"Yes, you thought you were deceiving me."


      I had to walk along the very edge of the unstable bridge in order to avoid the wheels of the passing carriages, which shook the whole bridge and made the rather loose boards clatter. In the meantime, at no considerable distance, some shells fell in the Meuse, fired at the bridge from Fort Pontisse. Yet, I did not mind it at all, as all these new experiences stunned me, so to speak; the incessant hellish noises of the batteries, the burning houses, the smoke swooping down, the excited soldiers....

      "What's to be done now?" he asked. Fo' a fiddleh not to shout!

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      Lawrence desired nothing better. In a few minutes the stones lay on the table. The novelist picked them up, and took from his pocket a small file which he coolly rubbed on the facet of two of the larger stones. Maitrank smiled. Any diamond would stand that test. With a grave look, Lawrence handed the stones back--the tested diamonds were dull and flat. CHAPTER XII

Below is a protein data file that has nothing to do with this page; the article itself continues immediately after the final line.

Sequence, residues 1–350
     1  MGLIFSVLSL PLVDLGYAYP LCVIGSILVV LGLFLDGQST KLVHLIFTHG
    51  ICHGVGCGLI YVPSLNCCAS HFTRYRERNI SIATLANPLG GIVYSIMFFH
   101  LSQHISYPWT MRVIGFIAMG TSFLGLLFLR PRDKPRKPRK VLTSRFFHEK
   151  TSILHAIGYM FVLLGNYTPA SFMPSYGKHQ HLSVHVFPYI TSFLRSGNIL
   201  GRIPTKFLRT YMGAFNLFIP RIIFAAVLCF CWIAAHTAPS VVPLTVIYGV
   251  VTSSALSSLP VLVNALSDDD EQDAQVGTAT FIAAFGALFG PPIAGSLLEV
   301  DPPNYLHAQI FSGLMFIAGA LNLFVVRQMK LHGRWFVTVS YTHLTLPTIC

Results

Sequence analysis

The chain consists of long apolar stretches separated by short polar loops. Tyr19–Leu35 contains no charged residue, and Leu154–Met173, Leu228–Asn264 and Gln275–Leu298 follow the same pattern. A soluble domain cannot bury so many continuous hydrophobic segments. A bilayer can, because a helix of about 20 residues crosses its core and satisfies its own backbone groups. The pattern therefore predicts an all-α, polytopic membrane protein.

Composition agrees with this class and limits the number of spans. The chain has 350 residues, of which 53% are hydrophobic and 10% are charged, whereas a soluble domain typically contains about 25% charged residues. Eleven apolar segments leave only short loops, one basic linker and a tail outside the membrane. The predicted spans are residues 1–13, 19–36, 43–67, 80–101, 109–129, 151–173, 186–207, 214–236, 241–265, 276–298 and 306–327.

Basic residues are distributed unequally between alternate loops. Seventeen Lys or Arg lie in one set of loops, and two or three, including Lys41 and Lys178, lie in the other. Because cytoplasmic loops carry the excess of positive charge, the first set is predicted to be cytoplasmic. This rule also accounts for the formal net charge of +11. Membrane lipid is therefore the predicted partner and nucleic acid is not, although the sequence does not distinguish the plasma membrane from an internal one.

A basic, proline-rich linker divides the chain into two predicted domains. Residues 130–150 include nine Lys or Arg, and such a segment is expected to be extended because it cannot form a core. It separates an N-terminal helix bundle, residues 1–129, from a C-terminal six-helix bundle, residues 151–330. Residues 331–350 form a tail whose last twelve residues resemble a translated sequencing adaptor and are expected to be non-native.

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      Prout grudgingly admitted that it was. He was also severe on the indiscretion of certain people. Mr. Isidore ought to know better. The Countess was charmed. Evidently she was going to do exactly as she pleased with this man. Every question that she asked him he contrived to answer in some way that betrayed his knowledge.The second includes what is called threading in America and screwing in England. Machines for this purpose consist essentially of mechanism to rotate either the blank to be cut or the dies, and devices for holding and presenting the blanks.